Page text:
A Shucking Good Time

Tyne Valley Oyster Festival is all it’s cracked up to be

The eyes of the oyster world will be focused on Tyne Valley again this year for the 53rd edition of the village’s Oyster Festival, which runs from August 2 to 6.

“We are extremely excited for this year’s festival, and it is shaping up to be the best festival yet for the community of Tyne Valley,” said Adam MacLennan, of the festival’s organizing committee. “The organization, volunteers, and community pride is what helps make us so successful.”

Oysters are often thought of as high-brow fare, but the Tyne Valley Oyster Festival provides a solid reminder of the day-to-day role that the humble bivalve plays in almost every Island community.

Established in 1964, the festival has developed such standby events as the Canadian Oyster Shucking Championship, the PEI Oyster Grading Championship, the Miss Oyster Pearl Pageant, the Best Decorated Oyster Box competition, and the Best Dressed Oyster Fisher contest. This year also marks the return of the Rock the Boat MusicFest.

While food festivals elsewhere have spent the last 15 years or so chasing micro-trends pushed by the ascendancy of food television, it’s heartening to realize that PEI’s longest running food celebration continues to keep a consistently authentic spotlight on one of our highest profile exports.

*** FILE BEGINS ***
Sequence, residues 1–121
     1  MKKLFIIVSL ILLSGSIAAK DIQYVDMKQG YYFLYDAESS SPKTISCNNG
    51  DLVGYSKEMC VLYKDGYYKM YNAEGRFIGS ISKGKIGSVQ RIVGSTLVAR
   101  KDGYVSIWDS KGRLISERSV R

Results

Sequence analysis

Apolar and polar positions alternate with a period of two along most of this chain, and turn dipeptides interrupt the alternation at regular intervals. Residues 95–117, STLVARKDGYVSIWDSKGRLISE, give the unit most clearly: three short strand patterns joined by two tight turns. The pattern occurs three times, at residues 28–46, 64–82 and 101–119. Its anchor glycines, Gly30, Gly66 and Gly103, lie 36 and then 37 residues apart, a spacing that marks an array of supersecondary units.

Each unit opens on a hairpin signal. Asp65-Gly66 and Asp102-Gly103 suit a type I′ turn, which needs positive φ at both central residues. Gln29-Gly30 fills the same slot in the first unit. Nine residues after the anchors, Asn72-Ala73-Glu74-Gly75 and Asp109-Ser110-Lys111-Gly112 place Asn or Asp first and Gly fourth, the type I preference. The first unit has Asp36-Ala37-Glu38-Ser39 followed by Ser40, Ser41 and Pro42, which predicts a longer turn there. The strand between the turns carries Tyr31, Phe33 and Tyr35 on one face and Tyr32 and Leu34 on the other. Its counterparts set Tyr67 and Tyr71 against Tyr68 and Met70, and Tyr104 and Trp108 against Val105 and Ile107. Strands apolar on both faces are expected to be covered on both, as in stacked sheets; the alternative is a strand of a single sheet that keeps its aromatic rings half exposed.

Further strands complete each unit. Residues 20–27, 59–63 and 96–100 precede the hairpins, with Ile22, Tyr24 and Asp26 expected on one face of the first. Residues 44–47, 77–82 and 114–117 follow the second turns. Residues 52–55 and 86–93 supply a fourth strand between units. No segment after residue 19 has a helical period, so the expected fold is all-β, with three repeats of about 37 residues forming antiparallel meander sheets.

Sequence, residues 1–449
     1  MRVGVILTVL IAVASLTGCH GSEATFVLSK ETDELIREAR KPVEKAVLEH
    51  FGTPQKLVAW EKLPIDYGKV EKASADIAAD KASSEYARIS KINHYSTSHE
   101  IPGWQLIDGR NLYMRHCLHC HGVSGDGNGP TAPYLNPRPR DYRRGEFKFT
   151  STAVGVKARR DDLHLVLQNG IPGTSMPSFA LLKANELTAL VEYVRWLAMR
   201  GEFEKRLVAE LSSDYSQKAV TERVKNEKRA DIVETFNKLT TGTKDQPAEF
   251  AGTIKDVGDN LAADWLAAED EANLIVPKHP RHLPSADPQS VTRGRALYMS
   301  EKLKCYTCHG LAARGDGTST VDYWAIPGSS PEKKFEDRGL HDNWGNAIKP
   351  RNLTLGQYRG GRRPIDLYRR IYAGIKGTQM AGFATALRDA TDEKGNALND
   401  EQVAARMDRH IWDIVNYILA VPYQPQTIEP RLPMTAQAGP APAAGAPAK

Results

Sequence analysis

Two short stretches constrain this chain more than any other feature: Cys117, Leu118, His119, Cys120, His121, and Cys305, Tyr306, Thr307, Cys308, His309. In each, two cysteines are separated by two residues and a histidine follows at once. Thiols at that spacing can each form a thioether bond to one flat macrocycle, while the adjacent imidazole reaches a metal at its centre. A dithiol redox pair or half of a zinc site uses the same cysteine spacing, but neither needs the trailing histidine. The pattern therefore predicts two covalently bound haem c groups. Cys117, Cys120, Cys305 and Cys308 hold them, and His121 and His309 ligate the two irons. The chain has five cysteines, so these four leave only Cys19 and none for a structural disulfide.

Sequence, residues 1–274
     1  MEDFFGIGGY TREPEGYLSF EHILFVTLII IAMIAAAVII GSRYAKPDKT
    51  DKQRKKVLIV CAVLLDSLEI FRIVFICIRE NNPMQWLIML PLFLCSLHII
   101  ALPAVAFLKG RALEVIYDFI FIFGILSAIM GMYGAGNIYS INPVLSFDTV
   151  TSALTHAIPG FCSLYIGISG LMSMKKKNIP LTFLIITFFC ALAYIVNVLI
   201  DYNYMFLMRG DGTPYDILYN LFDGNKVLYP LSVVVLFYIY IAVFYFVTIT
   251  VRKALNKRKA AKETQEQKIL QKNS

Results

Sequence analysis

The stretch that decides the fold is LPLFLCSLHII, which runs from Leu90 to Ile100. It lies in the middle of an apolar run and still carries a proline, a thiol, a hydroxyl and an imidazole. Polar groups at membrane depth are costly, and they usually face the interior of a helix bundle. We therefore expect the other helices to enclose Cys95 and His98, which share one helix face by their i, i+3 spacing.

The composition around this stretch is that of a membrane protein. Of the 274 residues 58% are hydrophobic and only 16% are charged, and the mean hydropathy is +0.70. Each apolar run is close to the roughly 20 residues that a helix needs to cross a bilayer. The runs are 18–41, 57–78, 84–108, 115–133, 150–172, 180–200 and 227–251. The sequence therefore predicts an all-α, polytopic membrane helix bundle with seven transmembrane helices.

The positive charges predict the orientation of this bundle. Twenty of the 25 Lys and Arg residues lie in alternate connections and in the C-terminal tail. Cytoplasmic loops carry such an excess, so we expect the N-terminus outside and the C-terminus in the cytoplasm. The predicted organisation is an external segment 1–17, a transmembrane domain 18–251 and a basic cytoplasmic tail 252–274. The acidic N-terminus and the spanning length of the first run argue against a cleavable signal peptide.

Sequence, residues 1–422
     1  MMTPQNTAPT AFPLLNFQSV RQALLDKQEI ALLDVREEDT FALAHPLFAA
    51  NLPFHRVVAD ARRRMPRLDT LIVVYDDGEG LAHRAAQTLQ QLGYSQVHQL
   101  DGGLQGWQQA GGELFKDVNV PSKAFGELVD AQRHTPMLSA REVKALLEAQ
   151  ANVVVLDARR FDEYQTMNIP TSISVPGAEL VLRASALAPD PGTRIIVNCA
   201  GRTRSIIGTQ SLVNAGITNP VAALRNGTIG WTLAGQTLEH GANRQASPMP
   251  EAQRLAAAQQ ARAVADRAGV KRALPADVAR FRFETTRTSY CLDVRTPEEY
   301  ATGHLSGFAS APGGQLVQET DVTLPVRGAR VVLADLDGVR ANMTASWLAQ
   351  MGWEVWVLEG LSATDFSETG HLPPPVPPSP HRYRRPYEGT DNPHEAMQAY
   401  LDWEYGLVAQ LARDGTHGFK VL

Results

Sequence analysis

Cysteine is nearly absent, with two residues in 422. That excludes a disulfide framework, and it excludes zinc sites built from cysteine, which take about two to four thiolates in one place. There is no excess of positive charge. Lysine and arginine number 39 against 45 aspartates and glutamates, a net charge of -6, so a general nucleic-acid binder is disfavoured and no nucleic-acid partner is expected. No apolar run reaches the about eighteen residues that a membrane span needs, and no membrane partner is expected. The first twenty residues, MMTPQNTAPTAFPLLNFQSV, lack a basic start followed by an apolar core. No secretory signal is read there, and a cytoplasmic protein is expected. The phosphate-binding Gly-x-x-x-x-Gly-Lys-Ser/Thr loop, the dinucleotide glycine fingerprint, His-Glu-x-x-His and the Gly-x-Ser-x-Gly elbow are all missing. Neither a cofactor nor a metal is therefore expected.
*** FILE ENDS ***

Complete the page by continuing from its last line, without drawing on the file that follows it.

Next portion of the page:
The festival isn’t afraid to innovate, however, with video of last year’s Oyster Shucking Competition streamed on Facebook Live. “From many discussions we decided to launch ShuckTV [this year].” MacLennan said. ShuckTV will livestream the Festival’s shucking events for viewers across Canada. “We also have a few oyster bars in the States that will be tuning in to view.”

Submitted Photo

The star of the show remains the oyster, showcased in the festival’s famous oyster and scallop supper, not to mention that all of the oysters opened during the Canadian Oyster Shucking Championships end up on the plates of diners who will enjoy a fried oyster supper, served out of the Tyne Valley Fire Hall.

Participants in this year’s competition are up against some world-record breaking stats. A 10-person Canadian team reclaimed oyster-shucking supremacy in 2014, opening a record 8,840 oysters in one hour flat, as adjudicated by the Guinness Book of World Records. The winner of the speed competition last year was Montreal’s Daniel Notkin, who managed to shuck 18 oysters in 1 minute and 31 seconds, adjusted to 1 minute and 48 seconds for technical deductions.

“The oyster industry is vital to the Prince Edward Island economy,” says MacLennan. “From the public fisherman to the growers, processors or dealers, the industry as a whole provides major economic spinoffs to our province. You ask anyone, PEI has the best oysters in the world.”

And for the first week of August, the world is invited to come to Tyne Valley and discover how central the oyster is to life on the Island. Terry Dawes

About Terry Dawes

Terry Dawes is a Montreal-based writer, having graduated with Fine Arts degrees from both Concordia University and the Emily Carr University of Art and Design in Vancouver. He grew up on Prince Edward Island.

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